A warm home is a healthy home. We review your home-heating options.
Household air temperature should ideally be between 18 and 24°C, but New Zealand homes are often much colder than this.
When temperatures drop below 16°C, there is an increased risk of respiratory conditions as well as more condensation and potentially mould and mildew.
Good insulation, ventilation, heating and cooling will make your home a more comfortable and healthy place to live.
Clause E3 Internal moisture of the Building Code requires safeguards against 'fungal growth or the accumulation of contaminants on linings and other building elements'. Fungi, in the form of moulds, can endanger human health. Fungi grow best in damp environments, therefore a warm, dry home gives fungi less opportunity to grow.
Another health risk is from dust mites which accumulate in carpet, underlays, bedding and soft furnishings. They can bring about allergic reactions. Like fungi, dust mites thrive in damp conditions so keeping the house warm will help keep them under control.
Plan your heating needs
When thinking about heating systems for your new home, you need to consider:
- energy types and their availability
- cost and efficiency
- how the heat is distributed throughout the house
- nature of the heating
- characteristics of the house, such as insulation levels, amount of glazing and ventilation performance.
There are two types of heating - passive and active. We outline the active options below. For information about passive options, see Passive design for energy efficiency.
Active heating options
Active heating uses an artificially supplied energy source such as electricity, gas, solid fuel and diesel. Not all energy types are available in all regions. For example, natural gas is reticulated throughout many parts of the North Island but is not available in the South Island. However, alternatives such as home gas services (delivery of bottled gas) may be available.
The options include:
Underfloor heating. There are two types, either:
- piped hot water which can be heated by solar, electricity, pellet burners, gas and diesel, or
- In new homes, the underfloor heating is usually laid in the concrete floor slab during construction. However, underfloor heating can be installed with a wooden floor, which makes it possible to install it into an existing home. The advantage of this type of heating is that it distributes heat evenly and does not create any draughts. It is crucial to have a high level of insulation in the floor to stop the heat escaping from the edges or into the ground.
- Central heating either heats water or oil, which is then pumped around the house to radiators, or heats the air directly which is then circulated through grilles throughout the house.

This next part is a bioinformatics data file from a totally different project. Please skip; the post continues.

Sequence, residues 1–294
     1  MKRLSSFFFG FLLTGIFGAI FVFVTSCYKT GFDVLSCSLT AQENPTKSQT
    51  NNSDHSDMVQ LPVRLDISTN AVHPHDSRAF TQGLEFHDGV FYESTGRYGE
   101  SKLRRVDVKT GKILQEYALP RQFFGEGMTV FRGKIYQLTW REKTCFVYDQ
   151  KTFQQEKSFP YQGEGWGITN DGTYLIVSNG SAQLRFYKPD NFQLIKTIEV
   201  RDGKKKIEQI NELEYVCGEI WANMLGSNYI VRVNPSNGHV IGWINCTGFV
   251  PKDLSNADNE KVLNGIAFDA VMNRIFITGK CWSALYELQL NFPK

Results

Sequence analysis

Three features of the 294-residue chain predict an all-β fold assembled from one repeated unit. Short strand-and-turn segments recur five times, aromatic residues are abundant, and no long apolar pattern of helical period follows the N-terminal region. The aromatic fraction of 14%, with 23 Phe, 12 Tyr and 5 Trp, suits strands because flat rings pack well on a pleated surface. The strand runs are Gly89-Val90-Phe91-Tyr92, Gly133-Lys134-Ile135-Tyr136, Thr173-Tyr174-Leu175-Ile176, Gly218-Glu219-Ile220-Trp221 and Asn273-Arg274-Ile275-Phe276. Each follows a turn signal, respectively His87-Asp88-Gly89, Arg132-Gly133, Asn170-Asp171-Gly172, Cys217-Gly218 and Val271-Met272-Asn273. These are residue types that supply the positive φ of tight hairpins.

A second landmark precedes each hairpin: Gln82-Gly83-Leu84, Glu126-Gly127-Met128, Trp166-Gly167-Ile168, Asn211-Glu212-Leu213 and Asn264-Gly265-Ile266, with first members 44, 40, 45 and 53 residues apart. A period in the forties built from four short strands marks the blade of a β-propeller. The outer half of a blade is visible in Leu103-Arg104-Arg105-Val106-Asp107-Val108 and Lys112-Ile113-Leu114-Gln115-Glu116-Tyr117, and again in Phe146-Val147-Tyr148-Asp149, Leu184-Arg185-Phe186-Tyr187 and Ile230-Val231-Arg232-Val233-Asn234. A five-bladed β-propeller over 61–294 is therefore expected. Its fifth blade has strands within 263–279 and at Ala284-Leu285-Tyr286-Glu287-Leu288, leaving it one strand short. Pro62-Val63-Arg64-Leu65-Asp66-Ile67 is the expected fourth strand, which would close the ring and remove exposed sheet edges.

Gas heaters can either run off natural gas or LPG. Non-portable natural gas and LPG appliances must be installed by licensed gasfitters and operate in a sufficiently large space with adequate ventilation. Incorrectly installed, faulty or poorly maintained heaters can produce deadly concentrations of carbon monoxide. Unflued, portable gas heaters should not be used. They release harmful carbon monoxide into the room while also producing large quantities of airborne moisture.
Woodburners and fireplaces are large capacity heaters often installed for their ambience, or because people have access to a supply of low cost wood. In order to channel heat to other areas of the house a heat transfer system is sometimes installed. Solid fuel heaters can only be installed with a building consent.
- Electric heaters are expensive to run but cheap to purchase and can be moved from location to location as required.
Heat pumps ) are larger capacity heaters that have an improved performance by the use of the expansion and compression of a refrigerant gas to move heat from one location (typically outside) to another location (typically inside). Heat pumps can also be operating in reverse to provide cooling to an indoor space.
Tip: All woodburners installed after 1 September 2005 in buildings on a section smaller than two hectares must be designed to have a discharge of less than 1.5 grams of particles for each kilogram of dry wood burnt, and a thermal efficiency of not less than 65%. If you live in Canterbury or Nelson there are tougher rules. For more information about National Environment Standards see the Ministry for the Environment website.
How much do different types of heating cost?
- Space heating: http://www.level.org.nz/energy/space-heating/
This page was put together with the help of BRANZ.
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